What does happen, however, is that Wilson and her family step altogether outside the modern American way of living. Adults and children alike abandon structure and schedule for endless playdates and long coffee breaks. Unbelievable amounts of grilled meat and homemade liquor are consumed. (Wilson’s descriptions of food are another strong point: “Jim and I ordered hunter’s stew and bacon with a side of sausage and sauerkraut over boiled potatoes. It was an oily mess of goodness that we ate until our faces were slick.”) Zadie and Sam, who on the first day are chastised by their parents for trying to cross the village road by themselves, end up running and playing freely with Robert’s children. Wilson doesn’t exactly look on the experience with rose-colored glasses – she’s well aware of the limitations and frustrations that life in the village presents (especially since the men are mostly hard drinking and the women do much of the work). But she clearly delights in the ways her children change – Zadie abandons her tendency toward tantrums and starts to read. Sam learns to play pretend games using only his fingers. Both children become less demanding as they are treated to continuous access to their parents and the other adults in the village.
Wilson’s real genius is for writing about people. Whether she is describing encounters with more incidental characters like the ancient priest who requires a bribe before he’ll let her look up her ancestors in the church’s genealogy, the Book of Names, or lovingly showcasing her husband Jim’s easy competence as he makes American hamburgers for their friends in Mrkopalj, it is Wilson’s people who center her story and make it meaningful. With the exception of the extremely likeable Jim, the most compelling person in the book is the family’s landlord Robert, a drunken father of three who owns a café in Mrkopalj and whose dramatic and outsize personality dominates the narrative. Moody Robert, a one-time singer in a rock and roll band is bawdy, disorganized, generous, sexist, and intense. He also speaks English, leaving the family reliant on him for help in navigating their new surroundings. Robert barrels through the book, now joyous, now too blue to make a proper cup of coffee, a singing, staggering metaphor for Croatia itself.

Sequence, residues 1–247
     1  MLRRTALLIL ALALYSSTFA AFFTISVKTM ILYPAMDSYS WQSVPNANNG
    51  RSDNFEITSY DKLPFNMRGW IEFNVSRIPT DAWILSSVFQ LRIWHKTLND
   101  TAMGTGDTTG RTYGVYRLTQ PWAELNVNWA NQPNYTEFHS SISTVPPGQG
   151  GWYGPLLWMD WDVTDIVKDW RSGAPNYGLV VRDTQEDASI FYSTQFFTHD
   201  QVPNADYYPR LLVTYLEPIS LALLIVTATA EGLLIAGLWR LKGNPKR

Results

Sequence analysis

The narrative in this book isn’t linear and it is complicated with Croatian words (despite persistent – and somewhat distracting – attempts to include pronunciation, I concluded from reading it that Croatian is mystifying and about as dense with consonants as a language can be) and Wilson’s ongoing epiphanies about herself and the place. She learns multiple lessons as the book unfolds, and the reader comes along on that ride with her. I sometimes wished for a bit more of a clear timeline or sense of what Wilson was trying exactly to accomplish, but I think that ultimately I’m glad she left things a bit disorganized, because it lends credence to the entire experience. This is not a tidy travelogue about going from points A to Z. Instead it is a messy exploration of what it means to visit an alien place and to find the ways you are meant to fit in.
This engaging book would make a nice gift for anyone who is thinking about long-term travel with their children – especially anyone who is planning to visit countries where the culture, landscape, language, and food are unfamiliar. But it also is a great read for the armchair traveler or the parent who is interested in examining contemporary American family life. Wilson asks some hard questions about identity and while she may not have all the answers, Running Away to Home definitely offers a rich exploration of what it can mean.
Purchase Running Away to Home or visit Jennifer Wilson’s site where you can see video and more photos from the family’s trip. For another take on the book, read the review at A Traveler’s Library. And read my interview with Jennifer Wilson.
I received a free review copy of Running Away to Home. The opinions expressed here are, as always, my own.